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Edek proposes freezing all foreclosures

SOCIALIST Edek plans to table a legislative proposal freezing all repossessions by banks, ostensibly to protect vulnerable homeowners, despite assurances from the banking sector that to date not a single primary residence has been foreclosed on.

The party unveiled its intentions on Thursday during a discussion in parliament, picking up from last week.

According to Edek leader Marinos Sizopoulos, their proposal would suspend all foreclosure proceedings as an extra safeguard for homeowners who won’t be covered by the debt relief scheme known as ‘Estia’.

The freeze on repossessions would apply until “the whole matter is definitively resolved,” Sizopoulos said.

The party aims to table the bill at next week’s session of the House plenary, the last before parliament breaks for the summer recess.

The ‘Estia’ scheme – where the state subsidises part of homeowners’ debt – has gone live, although applying for it will begin as of September 1.

Finance Minister Harris Georgiades told MPs that fears of homeowners being evicted are unfounded, recalling that the banks are still obliged to send notices to people who can’t service their debts.

Moreover, the mere dispatch of a notice does not automatically lead to repossession itself, he added.

Georgiades also pointed out that from the moment that a debtor applies for ‘Estia’ any repossession measures are stopped in their tracks; the process resumes only once someone has been deemed ineligible for the scheme.

The minister reiterated that so far banks have not moved to foreclose on a single primary home.

Last week the Bank of Cyprus, the island’s largest lender, supplied figures showing that over the past 12 months, 921 loan restructurings related to home loans.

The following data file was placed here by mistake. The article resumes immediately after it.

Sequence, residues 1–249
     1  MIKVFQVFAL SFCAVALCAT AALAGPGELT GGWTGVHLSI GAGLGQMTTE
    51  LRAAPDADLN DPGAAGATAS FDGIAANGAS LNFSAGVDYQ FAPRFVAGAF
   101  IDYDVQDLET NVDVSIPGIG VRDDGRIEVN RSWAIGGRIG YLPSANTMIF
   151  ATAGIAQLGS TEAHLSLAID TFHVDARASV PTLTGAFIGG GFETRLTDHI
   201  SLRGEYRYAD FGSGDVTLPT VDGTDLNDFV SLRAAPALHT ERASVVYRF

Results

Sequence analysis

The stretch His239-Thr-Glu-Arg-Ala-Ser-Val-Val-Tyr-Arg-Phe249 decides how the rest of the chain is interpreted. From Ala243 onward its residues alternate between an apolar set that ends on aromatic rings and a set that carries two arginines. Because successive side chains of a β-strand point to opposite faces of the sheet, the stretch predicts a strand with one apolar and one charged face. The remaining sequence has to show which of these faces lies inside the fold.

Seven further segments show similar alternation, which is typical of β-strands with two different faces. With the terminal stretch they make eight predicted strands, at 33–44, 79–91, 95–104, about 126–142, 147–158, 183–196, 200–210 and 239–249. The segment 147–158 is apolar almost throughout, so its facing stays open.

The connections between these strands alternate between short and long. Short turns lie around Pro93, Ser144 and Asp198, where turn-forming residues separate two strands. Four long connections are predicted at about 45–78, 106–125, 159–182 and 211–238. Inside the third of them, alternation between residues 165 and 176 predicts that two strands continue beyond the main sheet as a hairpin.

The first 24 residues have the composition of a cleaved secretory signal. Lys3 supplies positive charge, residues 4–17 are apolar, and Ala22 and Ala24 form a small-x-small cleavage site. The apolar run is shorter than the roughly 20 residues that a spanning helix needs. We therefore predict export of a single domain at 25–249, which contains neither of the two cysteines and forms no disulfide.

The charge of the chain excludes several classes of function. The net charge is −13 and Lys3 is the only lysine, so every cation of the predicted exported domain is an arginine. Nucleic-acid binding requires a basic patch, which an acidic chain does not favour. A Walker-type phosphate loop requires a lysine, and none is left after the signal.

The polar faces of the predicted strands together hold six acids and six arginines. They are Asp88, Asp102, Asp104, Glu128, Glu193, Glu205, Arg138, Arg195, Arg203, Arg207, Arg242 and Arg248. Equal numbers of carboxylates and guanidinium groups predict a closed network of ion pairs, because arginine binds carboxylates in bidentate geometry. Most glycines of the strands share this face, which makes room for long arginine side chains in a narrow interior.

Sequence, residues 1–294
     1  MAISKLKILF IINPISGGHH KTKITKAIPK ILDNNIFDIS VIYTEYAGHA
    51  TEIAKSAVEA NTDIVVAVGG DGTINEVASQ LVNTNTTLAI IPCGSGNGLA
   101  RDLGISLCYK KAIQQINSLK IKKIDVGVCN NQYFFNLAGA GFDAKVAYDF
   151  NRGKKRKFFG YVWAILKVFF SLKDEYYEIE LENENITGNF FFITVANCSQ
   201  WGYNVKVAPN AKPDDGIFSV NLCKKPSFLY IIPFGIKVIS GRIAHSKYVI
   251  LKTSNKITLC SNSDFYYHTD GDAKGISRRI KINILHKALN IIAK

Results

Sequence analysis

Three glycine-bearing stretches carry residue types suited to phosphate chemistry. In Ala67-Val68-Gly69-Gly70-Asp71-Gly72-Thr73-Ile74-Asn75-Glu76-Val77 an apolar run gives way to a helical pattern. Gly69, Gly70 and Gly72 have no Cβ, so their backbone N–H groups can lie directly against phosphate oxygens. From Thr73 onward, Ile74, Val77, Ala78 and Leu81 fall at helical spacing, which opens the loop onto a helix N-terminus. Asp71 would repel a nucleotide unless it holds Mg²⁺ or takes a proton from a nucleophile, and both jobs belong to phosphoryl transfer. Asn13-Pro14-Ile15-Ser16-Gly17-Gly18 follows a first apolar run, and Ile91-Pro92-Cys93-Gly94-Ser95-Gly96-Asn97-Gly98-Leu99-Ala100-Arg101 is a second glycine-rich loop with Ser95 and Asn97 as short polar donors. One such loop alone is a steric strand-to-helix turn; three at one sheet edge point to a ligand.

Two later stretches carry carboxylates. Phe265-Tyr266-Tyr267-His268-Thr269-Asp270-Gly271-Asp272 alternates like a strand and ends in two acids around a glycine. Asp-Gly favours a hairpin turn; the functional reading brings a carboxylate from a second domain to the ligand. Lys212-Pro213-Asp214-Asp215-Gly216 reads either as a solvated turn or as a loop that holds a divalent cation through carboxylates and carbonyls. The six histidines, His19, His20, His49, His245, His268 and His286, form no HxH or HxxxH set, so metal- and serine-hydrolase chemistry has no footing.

In the same time period, the bank foreclosed on 242 properties. Not one of these properties was a primary home.

But Edek’s Sizopoulos said these data are misleading. To his knowledge, a number of repossessions have taken place on residential complexes with a shared title deed, where the affected individual flats served as primary residences.

There have also been cases where the repossessed property was a parcel of land, but on which a house was later built. However, bank records classify this as repossession of land.

The law on foreclosures was amended in the summer of 2018 to make it more effective, some four years after it was passed by parliament with changes that essentially rendered it toothless and unable to help banks reduce non-performing loans.

Now, opposition parties have drafted five amendments which banks fear would defang the law by enabling strategic defaulters to drag out the foreclosures process.

Edek’s newest proposal would be the sixth.

The stated purpose of the amendments is to provide vulnerable debtors – essentially homeowners with mortgages they can’t service –additional safeguards. But critics say the law as it stands already provides adequate protections.

The Association of Cyprus Banks has warned that hampering lenders’ ability to recover loans would have the adverse effect of increasing the stock on non-performing loans on their books.



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